System #3: Points-H2H

It is pretty amazing to think about it, but a simple change from categorical to points scoring has a tremendous effect on how a league works. Point-H2H leagues are similar to categorical-H2H insomuch as they both generally set up competition on a weekly basis and have a playoff system at the end of the year. However, the similarities between the two ends right there.

Event Weighting
The very essence of point leagues is their desire to give weight to certain events. In a categorical league, all events within a category are given equal weight because winning the category as a whole is all that matters. For instance, a stolen base is just as good as a home run if those are two categories in your league. A points league prefers to assign relative values to each event (e.g. – SB: 1, HR: 4) in order to weight the value of each event accordingly. By doing so, the focus of the league shifts from winning via categories to winning via whatever method scores the most points.

One Winner, One Loser
Point leagues compete in one “category” alone: Total points. In the H2H format, two teams play each other for a given time, and one walks away a winner while the other one takes a loss. There will be the occasional tie, but they will come few and far between. This all-or-nothing approach is probably the most polarizing of all aspects of the Points-H2H league. People either love it or hate it because a team that loses by one point is treated exactly the same as a team that lost by one hundred points.

Playoffs
Nearly every H2H league finishes their season with a playoff tournament. Generally speaking, the most common structure is to seed the top six teams based on their regular-season records with the top two teams receiving byes. Those teams compete in a three-week, single-elimination tournament with the winner of the tournament being declared the league champion.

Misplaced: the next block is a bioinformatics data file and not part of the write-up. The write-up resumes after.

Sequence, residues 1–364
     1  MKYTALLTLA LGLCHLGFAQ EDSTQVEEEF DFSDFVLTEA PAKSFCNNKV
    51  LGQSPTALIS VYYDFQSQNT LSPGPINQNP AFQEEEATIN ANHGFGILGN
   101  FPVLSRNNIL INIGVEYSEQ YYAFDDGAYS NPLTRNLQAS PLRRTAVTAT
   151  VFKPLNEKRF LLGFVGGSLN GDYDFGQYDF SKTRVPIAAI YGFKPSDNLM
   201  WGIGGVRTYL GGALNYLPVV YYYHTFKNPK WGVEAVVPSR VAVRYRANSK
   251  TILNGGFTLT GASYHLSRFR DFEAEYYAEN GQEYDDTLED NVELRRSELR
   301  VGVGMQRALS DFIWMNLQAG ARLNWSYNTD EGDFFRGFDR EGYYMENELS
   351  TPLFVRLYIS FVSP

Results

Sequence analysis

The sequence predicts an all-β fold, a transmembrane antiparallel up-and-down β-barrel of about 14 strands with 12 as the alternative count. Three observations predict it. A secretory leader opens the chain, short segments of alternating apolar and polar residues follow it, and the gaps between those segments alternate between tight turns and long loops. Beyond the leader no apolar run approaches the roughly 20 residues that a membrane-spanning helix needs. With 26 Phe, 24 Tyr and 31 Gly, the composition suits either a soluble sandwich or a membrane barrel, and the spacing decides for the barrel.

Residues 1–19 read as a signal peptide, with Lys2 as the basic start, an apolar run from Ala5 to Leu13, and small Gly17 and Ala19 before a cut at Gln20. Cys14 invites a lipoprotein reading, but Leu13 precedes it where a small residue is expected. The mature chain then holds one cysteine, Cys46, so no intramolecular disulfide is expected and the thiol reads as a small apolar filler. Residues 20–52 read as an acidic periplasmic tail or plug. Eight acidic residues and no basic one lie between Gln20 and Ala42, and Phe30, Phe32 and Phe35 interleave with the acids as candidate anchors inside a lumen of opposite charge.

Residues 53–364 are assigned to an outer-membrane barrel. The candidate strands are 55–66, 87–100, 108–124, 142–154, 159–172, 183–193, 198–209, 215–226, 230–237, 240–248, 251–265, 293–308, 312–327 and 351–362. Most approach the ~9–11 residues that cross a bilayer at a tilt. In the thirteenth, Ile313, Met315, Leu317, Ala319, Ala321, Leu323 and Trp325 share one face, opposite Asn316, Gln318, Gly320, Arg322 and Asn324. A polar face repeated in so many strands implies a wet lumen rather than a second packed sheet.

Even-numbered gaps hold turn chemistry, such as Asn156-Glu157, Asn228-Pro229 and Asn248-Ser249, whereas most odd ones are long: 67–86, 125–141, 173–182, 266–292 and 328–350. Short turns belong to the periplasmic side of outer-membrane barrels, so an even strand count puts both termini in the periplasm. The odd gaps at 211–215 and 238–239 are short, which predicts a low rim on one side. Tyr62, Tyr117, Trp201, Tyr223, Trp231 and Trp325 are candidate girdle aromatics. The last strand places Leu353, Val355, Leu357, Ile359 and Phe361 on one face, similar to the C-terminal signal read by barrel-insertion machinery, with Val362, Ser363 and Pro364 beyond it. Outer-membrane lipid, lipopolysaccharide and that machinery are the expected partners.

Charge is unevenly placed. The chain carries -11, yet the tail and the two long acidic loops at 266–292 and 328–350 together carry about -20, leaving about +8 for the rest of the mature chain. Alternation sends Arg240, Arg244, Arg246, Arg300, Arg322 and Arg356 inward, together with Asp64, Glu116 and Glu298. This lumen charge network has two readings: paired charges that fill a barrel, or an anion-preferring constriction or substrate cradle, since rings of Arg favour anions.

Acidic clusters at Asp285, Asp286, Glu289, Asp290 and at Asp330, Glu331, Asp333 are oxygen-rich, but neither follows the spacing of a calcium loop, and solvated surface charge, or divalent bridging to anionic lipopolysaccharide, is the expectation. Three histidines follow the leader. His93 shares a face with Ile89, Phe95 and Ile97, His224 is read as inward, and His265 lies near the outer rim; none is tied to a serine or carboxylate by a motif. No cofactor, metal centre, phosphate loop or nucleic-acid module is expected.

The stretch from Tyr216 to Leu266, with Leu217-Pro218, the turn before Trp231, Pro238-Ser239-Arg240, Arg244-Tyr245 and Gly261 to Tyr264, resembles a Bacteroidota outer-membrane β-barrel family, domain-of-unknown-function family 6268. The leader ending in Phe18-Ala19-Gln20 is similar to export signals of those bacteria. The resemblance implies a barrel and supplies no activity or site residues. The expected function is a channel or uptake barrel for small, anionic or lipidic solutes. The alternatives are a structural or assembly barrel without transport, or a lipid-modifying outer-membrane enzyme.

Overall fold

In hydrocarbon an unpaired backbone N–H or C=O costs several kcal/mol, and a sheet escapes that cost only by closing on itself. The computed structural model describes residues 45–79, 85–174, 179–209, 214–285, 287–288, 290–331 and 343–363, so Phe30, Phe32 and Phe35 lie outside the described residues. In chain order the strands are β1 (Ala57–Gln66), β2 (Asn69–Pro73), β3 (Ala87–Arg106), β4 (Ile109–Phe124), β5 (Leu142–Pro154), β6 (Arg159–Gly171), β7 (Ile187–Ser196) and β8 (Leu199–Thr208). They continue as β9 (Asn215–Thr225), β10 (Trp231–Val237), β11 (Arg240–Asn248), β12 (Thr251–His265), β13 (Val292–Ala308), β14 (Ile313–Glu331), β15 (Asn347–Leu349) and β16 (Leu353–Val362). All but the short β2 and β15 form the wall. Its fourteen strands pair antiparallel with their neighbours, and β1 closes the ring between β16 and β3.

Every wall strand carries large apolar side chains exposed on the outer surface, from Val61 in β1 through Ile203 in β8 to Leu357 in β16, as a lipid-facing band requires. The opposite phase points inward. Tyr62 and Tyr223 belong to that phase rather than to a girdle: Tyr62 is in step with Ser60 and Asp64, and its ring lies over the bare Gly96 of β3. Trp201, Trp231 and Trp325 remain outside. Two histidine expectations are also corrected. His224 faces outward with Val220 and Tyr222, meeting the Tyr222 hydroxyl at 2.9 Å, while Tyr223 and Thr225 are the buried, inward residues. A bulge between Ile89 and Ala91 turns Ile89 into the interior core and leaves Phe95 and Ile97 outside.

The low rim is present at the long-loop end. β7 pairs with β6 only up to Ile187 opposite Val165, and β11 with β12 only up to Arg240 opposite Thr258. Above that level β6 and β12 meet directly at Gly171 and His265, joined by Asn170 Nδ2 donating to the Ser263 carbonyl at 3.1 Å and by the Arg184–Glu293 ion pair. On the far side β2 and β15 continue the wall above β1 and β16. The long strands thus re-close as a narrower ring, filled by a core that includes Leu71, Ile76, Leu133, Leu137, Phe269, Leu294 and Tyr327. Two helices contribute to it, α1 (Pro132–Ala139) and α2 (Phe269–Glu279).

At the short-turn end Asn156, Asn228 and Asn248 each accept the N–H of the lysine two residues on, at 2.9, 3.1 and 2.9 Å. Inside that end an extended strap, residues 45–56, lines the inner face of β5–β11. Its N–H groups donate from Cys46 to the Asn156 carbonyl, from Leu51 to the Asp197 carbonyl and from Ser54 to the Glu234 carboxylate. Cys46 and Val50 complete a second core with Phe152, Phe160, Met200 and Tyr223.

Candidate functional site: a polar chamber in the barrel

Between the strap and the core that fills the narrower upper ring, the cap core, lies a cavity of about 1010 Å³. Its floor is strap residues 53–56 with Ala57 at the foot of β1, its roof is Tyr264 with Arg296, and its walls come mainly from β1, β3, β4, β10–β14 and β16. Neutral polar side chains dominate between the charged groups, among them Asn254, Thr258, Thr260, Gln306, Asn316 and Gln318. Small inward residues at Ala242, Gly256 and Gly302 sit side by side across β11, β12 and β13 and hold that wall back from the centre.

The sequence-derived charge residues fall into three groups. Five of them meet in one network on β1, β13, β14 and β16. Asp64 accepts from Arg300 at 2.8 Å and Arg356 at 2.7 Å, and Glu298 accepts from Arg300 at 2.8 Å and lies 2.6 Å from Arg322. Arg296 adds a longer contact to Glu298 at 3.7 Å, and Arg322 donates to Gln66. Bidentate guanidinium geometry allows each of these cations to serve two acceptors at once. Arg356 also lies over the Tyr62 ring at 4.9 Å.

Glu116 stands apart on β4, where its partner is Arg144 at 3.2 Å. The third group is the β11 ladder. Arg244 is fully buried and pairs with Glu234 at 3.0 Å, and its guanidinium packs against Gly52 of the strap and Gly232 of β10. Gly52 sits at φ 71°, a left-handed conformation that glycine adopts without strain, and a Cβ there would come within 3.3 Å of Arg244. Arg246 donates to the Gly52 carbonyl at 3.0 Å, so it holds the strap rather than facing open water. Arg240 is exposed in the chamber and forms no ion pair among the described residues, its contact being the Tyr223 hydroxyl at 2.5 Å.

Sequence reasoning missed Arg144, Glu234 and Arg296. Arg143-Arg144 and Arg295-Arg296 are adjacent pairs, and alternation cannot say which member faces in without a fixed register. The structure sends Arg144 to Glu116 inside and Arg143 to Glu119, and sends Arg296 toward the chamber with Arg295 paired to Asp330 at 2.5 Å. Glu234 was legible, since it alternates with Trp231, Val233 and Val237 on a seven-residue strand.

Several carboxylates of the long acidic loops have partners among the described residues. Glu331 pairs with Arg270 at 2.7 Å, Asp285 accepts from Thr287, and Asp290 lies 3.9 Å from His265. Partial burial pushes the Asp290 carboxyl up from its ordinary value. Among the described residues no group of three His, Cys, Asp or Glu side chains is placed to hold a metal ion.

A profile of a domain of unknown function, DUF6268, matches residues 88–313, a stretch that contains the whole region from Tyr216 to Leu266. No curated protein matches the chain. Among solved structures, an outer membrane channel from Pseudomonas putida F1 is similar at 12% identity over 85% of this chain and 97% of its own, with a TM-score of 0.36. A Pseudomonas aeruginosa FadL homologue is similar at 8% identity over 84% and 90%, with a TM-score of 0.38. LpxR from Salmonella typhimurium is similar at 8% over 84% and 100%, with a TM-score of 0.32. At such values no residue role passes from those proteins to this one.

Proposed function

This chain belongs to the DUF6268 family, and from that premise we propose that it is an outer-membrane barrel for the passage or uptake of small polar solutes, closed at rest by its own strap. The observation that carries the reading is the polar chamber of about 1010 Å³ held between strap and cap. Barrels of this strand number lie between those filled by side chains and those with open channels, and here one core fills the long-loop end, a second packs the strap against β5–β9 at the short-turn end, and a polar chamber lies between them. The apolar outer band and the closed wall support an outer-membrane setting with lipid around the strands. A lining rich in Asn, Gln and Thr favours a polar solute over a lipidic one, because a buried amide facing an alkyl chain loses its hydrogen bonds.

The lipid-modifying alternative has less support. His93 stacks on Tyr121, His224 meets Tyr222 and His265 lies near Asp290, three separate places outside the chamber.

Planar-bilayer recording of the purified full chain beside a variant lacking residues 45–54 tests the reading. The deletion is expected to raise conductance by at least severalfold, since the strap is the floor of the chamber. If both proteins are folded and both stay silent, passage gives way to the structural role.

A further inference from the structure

A final note… Pay attention to the scoring system! Don’t acquire players whose main source of value is in areas that are not scored in your league.

System #4: Points-Rotisserie

The final system to discuss is the Points-Rotisserie system. If you read about the other three systems in this article, you probably have a pretty good idea about how this system is going to work. You are still going to need to:

Compete For the Entire Year
Again, don’t worry as much about short-term slumps by your players. Even the best players go through down periods of production during the season. The important part of playing rotisserie is to acquire players that produce at a high level over the course of the entire year.

Unlike the Categorical-Rotisserie league though, you probably won’t see the odd-looking trades that are a part of a Points-Roto league. This is due to the change from Categorical to Points scoring. If a player scores points, it does not matter how he goes about it. His owner will want to retain him as long as he is producing, and trades that would net him fewer points, regardless of the reason, will not be of interest.

Finally, pay attention to the scoring system! Don’t acquire players whose main source of value is in areas that are not scored in your league.

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Tired of reading yet? Now that you have the know-how on picking your first league, you just need a place to find it. Try the Classifieds Forum here the Cafe. You can create a post describing exactly what kind of league you are interested in playing, or you can respond to others’ “Owner Wanted” advertisements. Either way you go about it, you should have no problem finding the league of your dreams this spring. Good luck, and remember that this is a game. Have fun playing.

 
John Sherwood is one of a growing number of fantasy experts who write for the Cafe. You can catch up with John in the Cafe's forums where he posts under the name of StlSluggers.